With Movea’s new technology, viewers will be able to change channels, adjust the volume, rewind a movie, browse the Internet, or control myriad other functions with simple physical gestures. (Source: Movea)
Many of today's electronic products rely heavily on the coolness factor, as well as the coolness-in-marketing factor.
@charles, problem that the manufacturers are facing is, there is lack of innovation that is happening in televisions these days. Moreover 3D which was supposed to be the next big thing in television industry didnt get positive reviews. Hence manufacturers are forced to implement such cool factor to distinguish their product from the rival products.
I would recommend someone install a ringer or beeper so I can call, hear an audible then start searching.
@bobjengr, that is a great Idea. I think we need to have such beepers installed in keys,wallet, remotes etc which we usually misplace. We should have an app installed in our mobile which will control all these beepers. This will make finding back the misplaced items easy.
Hey Bobjengr, the kids are the worst with remotes. My kids find the weirdest places to misplace them. I'll find the cable remote in the kitchen, the TV remote under the couch, and the DVD remote on the stairs. It doesn't follow any logic, which makes it that much harder to find them. Asking the kids is no help at all.
Rob--Good comment. My grandchildren constantly misplace or hide the remote. This is just about the only useful application I can see for this emerging technology. I would recommend someone install a ringer or beeper so I can call, hear an audible then start searching. That would be much more beneficial for me right now. I don't do video games so I'm sure this advancement is in line with the younger members of our society.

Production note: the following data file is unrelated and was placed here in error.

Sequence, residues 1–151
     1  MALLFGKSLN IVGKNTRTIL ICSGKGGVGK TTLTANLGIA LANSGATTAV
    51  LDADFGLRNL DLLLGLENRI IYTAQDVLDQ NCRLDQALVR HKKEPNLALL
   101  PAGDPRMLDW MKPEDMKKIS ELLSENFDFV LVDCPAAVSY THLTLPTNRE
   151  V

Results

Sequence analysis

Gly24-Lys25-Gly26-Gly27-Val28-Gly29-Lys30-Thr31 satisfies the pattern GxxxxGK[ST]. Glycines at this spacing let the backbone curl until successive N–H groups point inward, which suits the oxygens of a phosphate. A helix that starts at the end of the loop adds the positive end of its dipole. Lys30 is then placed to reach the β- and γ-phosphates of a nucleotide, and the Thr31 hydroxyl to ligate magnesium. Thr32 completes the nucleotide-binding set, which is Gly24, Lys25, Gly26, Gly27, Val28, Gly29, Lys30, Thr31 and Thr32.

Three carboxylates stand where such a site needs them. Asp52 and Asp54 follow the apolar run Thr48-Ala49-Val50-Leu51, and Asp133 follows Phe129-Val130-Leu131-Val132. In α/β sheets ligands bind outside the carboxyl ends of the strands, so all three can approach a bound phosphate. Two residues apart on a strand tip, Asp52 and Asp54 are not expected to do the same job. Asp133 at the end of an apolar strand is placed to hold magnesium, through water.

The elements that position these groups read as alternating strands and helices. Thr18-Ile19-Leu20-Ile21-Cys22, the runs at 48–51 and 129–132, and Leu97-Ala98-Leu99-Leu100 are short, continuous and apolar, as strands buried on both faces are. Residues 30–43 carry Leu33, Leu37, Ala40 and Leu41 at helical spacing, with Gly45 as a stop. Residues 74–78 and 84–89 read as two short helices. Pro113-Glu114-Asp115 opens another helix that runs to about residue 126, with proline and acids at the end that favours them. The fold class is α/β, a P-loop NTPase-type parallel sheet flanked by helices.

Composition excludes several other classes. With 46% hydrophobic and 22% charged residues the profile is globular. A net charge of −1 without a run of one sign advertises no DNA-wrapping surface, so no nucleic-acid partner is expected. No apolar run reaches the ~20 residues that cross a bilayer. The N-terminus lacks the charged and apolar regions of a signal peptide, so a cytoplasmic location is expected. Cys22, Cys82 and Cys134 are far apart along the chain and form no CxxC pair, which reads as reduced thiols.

Usually, I don't like using innovations like this one, especially when I've grown accustomed to the traditional method -- in this case, the conventional, ultra-simple remote. But I'm taking the other side on this. Having spent the last four years watching my son's college basketball games (it's too far to travel to weekday games) on my laptop, which has been hooked up to my television, I see the advantage of the gesture methodology described here. Getting to the school's website for every game, scrolling through the Internet sites of various opposing teams with a touchpad, trying to watch the TV screen while my finger moved the cursor across the laptop display, I came to understand the problems of using a laptop that's attached to a TV set. There's gotta be a better way, and I'm willing to try gestures in my search for that better way.
Could our view of distant galaxies be obstructed by a lawnmower? That unlikely question is at the heart of a growing debate between the National Radio Astronomy Observatory and a robot manufacturer that seeks to build self-guided lawnmowers.
Design News readers spoke loudly and clearly after our recent news story about a resurgence in manufacturing -- and manufacturing jobs. Commenters doubted the manufacturers, describing them as H-1B visa promoters, corporate crybabies, and clowns. They argued that US manufacturers aren’t willing to train workers, preferring instead to import cheap labor from abroad.
Using wireless chips and accessories, engineers can now extract data from the unlikeliest of places -- pumps, motors, bridges, conveyors, refineries, cooling towers, parking garages, down-hole drills and just about anything else that can benefit from monitoring.
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